We Have Found the Messiah
We have found him, of whom Moses in the law, and the prophets, did write. John 1:45.
Philip called Nathanael. The latter had been among the throng when the Baptist pointed to Jesus as the Lamb of God. As Nathanael looked upon Jesus, he was disappointed. Could this man, who bore the marks of toil and poverty, be the Messiah? Yet Nathanael could not decide to reject Jesus, for the message of John had brought conviction to his heart.
At the time when Philip called him, Nathanael had withdrawn to a quiet grove to meditate upon the announcement of John and the prophecies concerning the Messiah. He prayed that if the one announced by John was the deliverer, it might be made known to him, and the Holy Spirit rested upon him with assurance that God had visited His people and raised up a horn of salvation for them.
The message, “We have found him, of whom Moses in the law, and the prophets, did write,” seemed to Nathanael a direct answer to his prayer. But Philip had yet a trembling faith. He added doubtfully, “Jesus of Nazareth, the son of Joseph.” Again prejudice arose in Nathanael’s heart. He exclaimed, “Can there any good thing come out of Nazareth?”
Philip entered into no controversy. He said, “Come and see.” “Jesus saw Nathanael coming to him, and saith of him, Behold an Israelite indeed, in whom is no guile!” In surprise Nathanael exclaimed, “How do you know me? Jesus answered and said unto him, Before that Philip called you, when you were under the fig tree, I saw thee.”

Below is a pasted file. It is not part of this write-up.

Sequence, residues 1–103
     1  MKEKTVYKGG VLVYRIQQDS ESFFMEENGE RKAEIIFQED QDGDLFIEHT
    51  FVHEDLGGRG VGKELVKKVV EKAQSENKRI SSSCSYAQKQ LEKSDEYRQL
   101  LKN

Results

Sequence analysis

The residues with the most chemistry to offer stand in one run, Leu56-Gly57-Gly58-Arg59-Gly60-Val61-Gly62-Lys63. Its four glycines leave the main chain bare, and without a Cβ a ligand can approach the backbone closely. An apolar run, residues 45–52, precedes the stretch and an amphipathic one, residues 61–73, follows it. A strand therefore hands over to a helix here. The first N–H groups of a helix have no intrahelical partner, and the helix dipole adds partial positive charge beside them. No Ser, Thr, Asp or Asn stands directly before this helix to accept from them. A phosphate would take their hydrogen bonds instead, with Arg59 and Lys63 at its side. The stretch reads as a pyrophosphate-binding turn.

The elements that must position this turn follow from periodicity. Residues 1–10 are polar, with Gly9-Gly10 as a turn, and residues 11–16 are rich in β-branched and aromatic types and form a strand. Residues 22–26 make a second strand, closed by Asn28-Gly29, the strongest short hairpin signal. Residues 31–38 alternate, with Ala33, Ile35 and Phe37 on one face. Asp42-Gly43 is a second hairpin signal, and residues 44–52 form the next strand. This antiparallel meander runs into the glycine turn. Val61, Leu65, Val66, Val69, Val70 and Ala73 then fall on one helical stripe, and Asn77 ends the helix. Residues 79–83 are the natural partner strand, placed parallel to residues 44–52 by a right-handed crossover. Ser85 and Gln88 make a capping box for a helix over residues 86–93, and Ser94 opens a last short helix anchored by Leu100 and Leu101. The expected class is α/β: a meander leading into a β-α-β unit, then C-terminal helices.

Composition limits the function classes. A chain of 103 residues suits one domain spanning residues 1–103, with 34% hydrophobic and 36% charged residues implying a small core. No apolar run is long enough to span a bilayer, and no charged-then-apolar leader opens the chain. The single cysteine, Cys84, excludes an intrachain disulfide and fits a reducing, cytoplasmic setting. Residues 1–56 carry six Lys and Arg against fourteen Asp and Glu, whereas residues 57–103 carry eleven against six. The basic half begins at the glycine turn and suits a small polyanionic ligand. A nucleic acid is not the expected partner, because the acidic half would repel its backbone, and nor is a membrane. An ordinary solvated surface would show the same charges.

It was enough. The divine Spirit that had borne witness to Nathanael in his solitary prayer under the fig tree now spoke to him in the words of Jesus. Though in doubt, and yielding somewhat to prejudice, Nathanael had come to Christ with an honest desire for truth, and now his desire was met. His faith went beyond that of the one who had brought him to Jesus. He answered and said, “Rabbi, Thou art the Son of God; thou art the King of Israel.”
If Nathanael had trusted to the rabbis for guidance, he would never have found Jesus. It was by seeing and judging for himself that he became a disciple. So in the case of many today whom prejudice withholds from good. How different would be the result if they would “come and see”!
While they trust to the guidance of human authority, none will come to a saving knowledge of the truth. Like Nathanael, we need to study God’s Word for ourselves, and pray for the enlightenment of the Holy Spirit. He who saw Nathanael under the fig tree will see us in the secret place of prayer. Angels from the world of light are near to those who in humility seek for divine guidance.